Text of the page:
If you have been diagnosed with a terrible, long-lasting condition or a life-threatening illness, palliative care can make your life considerably easier, as well as the lives of those who care for you. Palliative care can be administered alongside the treatment provided by your main physicians.
The focus of palliative care is on alleviating pain and other distressing symptoms and satisfying your emotional, spiritual, and practical needs.
Your palliative care experts will collaborate with you to establish and achieve your goals, including symptom relief, counselling, spiritual consolation, or anything else that improves your quality of life. In addition to alleviating pain, palliative care can educate patients about their therapeutic choices.
Acknowledging the human aspect of the illness is one of palliative care’s strengths. According to a poll conducted in 2011, individuals requiring palliative care want to be treated as “recognised as a person,” to “have a choice and be in charge,” to “be linked to family and the outside world,” to “feel spiritually connected,” and to “feel physically comfortable.”
Be assured that you can receive palliative care concurrently with treatment for your condition. You will not be obliged to give up your normal doctors or treatments, nor will you have to give up hope for a cure.
Palliative care may also be possible if you have a serious illness that has resulted in many hospitalisations or visits to the emergency room during the past year.
Does palliative care indicate imminent death? Perhaps not necessarily. Palliative care indeed benefits many patients with life-threatening or terminal conditions. Still, there are cases where the patient is cured and no longer needs this support. Others come and go from palliative care as their circumstances change.
However, if you decide to quit seeking a cure and your doctor believes you have only a few months to live, you can enter hospice care. Hospice is an essential component of palliative care, yet hospice is simply a subset of the greater discipline.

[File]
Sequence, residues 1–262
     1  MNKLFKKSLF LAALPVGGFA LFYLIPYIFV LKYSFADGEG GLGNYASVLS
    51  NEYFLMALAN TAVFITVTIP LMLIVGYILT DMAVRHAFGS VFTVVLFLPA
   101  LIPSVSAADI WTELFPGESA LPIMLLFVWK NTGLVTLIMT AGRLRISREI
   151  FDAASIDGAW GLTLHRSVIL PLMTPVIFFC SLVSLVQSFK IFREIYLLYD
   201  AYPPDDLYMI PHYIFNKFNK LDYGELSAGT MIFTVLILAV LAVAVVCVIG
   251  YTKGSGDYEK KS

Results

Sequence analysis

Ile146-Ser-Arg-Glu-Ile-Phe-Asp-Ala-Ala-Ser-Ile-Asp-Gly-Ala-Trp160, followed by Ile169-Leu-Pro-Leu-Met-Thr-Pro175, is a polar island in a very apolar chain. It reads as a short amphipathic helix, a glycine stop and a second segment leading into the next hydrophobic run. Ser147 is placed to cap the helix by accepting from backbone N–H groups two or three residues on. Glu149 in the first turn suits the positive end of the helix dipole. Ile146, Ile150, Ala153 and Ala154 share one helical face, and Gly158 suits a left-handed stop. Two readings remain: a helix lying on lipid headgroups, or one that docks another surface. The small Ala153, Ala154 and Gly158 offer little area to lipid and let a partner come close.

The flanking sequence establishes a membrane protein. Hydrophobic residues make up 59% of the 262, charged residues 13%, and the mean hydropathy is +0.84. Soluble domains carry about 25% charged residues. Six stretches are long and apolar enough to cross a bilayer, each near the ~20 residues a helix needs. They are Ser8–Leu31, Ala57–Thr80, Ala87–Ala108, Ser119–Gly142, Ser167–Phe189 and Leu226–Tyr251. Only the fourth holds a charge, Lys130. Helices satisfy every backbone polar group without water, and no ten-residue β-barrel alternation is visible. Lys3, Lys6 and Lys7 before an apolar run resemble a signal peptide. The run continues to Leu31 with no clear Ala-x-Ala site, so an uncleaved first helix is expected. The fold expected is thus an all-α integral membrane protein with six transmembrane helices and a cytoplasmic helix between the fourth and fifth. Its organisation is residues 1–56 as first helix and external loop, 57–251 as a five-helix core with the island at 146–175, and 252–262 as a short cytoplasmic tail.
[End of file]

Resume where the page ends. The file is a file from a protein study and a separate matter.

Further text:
If your family members also require assistance, palliative care can provide emotional and spiritual support, educate them about your condition, and assist them in their role as carers. Some palliative care organisations provide shopping, meal preparation assistance, and respite care for caregivers.
Palliative care is a method that improves the quality of life for patients (adults and children) and their families who are coping with issues related to terminal disease. It prevents and alleviates suffering through early detection, accurate assessment, and treatment of physical, psychosocial, and spiritual pain and other disorders.
To alleviate pain, one must address concerns beyond physical symptoms. Palliative care employs a team-based approach to aid patients and carers. This includes meeting basic needs and offering grief counselling. It provides a support structure to assist patients in living as actively as possible till their demise.
Under the human right to health, palliative care is expressly recognised. It should be offered through person-centered. And integrated health services that pay particular attention to each individual’s unique requirements and preferences.